Saturday, March 03, 2007

Remember Afghanistan?

From Matthew Cole at Salon.com.

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Photo here.

Watching Afghanistan fall

.."In November, I traveled with the Army's 10th Mountain Division to Afghanistan's Kunar and Nuristan provinces, the region where Osama bin Laden and Ayman al-Zawahiri have been sighted over the past three years, to see how American forces were fighting the "other" war. What I learned is that the war in Afghanistan is going badly. Three years after U.S. forces secured much of the country and helped 10 million Afghans vote in a presidential election, the country has slid back into a dangerous power vacuum, with the Taliban again competing for control of significant sections of the country. Last November, a CIA analysis of the Karzai government found it was losing control, and American ambassador to Afghanistan Ronald Neumann warned then that the U.S. would "fail" if the plan for action didn't include "multiple years and multiple billions." Our gains, once held firmly, have been lost and the coming year may portend Afghanistan's future, with ominous rumors floating down from the mountains about a spring offensive by insurgents"..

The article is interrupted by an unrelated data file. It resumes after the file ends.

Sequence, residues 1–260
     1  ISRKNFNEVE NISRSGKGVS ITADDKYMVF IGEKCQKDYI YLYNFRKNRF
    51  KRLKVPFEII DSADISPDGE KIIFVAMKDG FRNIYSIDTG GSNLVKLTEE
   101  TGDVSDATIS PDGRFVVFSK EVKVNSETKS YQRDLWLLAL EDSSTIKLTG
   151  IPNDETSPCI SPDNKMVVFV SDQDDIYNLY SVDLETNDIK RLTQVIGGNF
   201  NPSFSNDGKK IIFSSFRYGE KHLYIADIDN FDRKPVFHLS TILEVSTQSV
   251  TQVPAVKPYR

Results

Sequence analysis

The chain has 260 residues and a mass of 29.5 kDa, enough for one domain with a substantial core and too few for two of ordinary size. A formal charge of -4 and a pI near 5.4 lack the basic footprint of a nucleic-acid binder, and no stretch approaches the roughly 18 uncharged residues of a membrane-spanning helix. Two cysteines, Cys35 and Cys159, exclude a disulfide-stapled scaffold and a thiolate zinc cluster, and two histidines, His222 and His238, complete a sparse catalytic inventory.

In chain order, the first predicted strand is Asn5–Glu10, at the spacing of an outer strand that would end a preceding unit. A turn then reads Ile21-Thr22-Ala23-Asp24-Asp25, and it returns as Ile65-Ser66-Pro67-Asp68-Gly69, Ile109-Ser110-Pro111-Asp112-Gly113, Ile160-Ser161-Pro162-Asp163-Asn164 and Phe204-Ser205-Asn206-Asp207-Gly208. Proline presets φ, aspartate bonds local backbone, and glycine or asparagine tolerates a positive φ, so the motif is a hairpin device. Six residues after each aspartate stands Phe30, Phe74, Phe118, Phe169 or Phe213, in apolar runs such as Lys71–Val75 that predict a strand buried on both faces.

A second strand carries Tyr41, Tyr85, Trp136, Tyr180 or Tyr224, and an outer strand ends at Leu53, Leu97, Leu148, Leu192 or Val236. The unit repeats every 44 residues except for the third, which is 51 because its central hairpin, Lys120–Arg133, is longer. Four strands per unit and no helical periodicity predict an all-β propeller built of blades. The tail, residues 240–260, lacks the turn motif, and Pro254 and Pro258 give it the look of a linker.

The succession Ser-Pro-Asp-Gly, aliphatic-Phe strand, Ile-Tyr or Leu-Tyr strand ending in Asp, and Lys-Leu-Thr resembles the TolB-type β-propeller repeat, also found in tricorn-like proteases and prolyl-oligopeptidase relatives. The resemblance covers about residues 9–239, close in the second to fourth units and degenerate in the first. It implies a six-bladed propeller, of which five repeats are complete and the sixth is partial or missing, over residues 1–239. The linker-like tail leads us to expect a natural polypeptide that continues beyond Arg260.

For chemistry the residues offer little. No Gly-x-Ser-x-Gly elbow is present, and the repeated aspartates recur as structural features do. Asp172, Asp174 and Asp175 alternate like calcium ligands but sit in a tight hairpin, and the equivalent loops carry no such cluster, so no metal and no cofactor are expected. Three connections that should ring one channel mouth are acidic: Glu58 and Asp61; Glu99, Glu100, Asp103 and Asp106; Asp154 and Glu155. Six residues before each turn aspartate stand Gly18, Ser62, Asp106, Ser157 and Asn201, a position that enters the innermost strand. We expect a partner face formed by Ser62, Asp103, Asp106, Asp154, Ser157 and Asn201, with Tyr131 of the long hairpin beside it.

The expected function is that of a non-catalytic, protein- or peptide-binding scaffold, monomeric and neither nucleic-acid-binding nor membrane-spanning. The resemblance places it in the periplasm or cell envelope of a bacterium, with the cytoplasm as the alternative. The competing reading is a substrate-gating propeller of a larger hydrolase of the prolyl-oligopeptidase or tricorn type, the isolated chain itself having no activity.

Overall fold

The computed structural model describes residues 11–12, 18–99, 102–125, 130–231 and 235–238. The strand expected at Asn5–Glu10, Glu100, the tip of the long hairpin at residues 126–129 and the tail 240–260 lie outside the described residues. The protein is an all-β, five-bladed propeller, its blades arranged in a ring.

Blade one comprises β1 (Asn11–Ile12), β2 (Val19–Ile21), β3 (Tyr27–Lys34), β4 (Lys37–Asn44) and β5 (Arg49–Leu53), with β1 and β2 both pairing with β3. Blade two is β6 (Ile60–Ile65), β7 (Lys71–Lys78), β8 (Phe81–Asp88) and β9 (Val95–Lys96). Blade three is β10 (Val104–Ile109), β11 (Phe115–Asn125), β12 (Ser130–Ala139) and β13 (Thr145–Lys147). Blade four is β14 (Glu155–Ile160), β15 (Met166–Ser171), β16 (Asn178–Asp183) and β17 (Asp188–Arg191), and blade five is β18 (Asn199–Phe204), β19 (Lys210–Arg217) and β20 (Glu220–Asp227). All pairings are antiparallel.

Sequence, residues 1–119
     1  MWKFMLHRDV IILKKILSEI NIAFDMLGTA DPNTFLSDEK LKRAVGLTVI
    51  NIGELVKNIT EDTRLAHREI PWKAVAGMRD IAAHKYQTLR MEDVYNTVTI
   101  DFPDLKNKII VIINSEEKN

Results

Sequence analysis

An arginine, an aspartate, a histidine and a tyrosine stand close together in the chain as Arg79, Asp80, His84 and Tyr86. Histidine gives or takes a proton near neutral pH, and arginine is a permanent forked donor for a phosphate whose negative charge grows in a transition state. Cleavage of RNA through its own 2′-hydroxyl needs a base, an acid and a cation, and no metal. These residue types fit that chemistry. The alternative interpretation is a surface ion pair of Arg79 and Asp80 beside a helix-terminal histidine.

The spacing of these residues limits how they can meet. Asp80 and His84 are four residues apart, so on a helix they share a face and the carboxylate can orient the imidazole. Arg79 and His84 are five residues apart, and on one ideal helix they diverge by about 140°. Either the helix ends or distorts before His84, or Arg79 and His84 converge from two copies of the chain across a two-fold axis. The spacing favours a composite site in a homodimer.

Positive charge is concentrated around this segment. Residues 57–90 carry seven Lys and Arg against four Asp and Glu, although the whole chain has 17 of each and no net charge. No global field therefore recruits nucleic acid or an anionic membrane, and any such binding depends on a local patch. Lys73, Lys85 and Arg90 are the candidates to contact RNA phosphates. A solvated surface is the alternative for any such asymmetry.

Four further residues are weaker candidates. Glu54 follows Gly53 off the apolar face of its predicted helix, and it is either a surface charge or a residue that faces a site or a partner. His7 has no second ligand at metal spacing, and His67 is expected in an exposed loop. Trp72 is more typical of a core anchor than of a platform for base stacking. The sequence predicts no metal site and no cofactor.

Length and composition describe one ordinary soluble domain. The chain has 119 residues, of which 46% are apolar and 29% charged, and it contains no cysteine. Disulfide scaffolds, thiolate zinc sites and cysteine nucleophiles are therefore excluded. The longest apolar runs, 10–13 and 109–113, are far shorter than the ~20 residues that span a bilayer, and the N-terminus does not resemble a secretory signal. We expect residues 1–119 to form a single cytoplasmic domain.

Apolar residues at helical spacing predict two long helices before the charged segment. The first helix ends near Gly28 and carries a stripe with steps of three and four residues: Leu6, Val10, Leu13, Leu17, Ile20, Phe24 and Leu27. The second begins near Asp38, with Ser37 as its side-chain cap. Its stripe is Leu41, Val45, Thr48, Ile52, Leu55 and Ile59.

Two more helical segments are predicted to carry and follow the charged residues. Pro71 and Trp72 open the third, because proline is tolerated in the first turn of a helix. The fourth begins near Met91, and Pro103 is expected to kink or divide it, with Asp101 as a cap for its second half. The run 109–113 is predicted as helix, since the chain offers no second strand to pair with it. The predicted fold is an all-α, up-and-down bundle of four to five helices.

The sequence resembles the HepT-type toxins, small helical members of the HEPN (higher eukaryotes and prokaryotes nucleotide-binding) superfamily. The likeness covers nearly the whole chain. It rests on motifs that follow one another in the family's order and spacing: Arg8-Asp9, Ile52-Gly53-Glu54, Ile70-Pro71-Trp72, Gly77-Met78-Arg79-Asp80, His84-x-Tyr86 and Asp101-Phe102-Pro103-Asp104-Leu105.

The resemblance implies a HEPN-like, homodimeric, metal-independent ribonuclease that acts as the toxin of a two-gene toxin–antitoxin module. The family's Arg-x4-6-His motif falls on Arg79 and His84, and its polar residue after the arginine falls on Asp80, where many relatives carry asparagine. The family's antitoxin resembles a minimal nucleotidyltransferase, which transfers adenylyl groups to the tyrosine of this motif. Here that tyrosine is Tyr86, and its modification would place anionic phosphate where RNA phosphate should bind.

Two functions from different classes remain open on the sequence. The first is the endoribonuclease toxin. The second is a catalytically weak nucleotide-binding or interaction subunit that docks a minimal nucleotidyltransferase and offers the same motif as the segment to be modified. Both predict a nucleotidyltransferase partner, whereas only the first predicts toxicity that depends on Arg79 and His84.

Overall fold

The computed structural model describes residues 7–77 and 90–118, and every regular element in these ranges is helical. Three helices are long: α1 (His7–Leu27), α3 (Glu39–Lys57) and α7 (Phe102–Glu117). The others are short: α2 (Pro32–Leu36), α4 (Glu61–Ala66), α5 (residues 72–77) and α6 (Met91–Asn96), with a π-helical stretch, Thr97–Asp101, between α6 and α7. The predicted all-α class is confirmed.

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.."The Kamdesh base is the northernmost American outpost in Afghanistan, in an area of Nuristan so remote that local villagers asked American troops in August, when they arrived, if they were Russian. The base itself is not more than a quarter-mile wide, on a valley floor, next to a clear, trout-filled river. Three-thousand-foot mountains rise above the base on both sides of the river. A row of Humvees, all mounted with grenade-filled Mark-19 machine guns, face the closest mountain, which nearly hangs over the front of the base. When I was there the soldiers hadn't yet named the base, and had made up their own name, Warheight, for the imposing peak. From Kamdesh, a small outpost near the Pakistani border, to Naray, a larger base 25 miles south, to another border outpost called Camp Lybert, the 10th Mountain Division's 3rd Squadron, 71st Cavalry -- the so-called 3-71 -- was supposed to control a 220-square-mile triangle of territory"..
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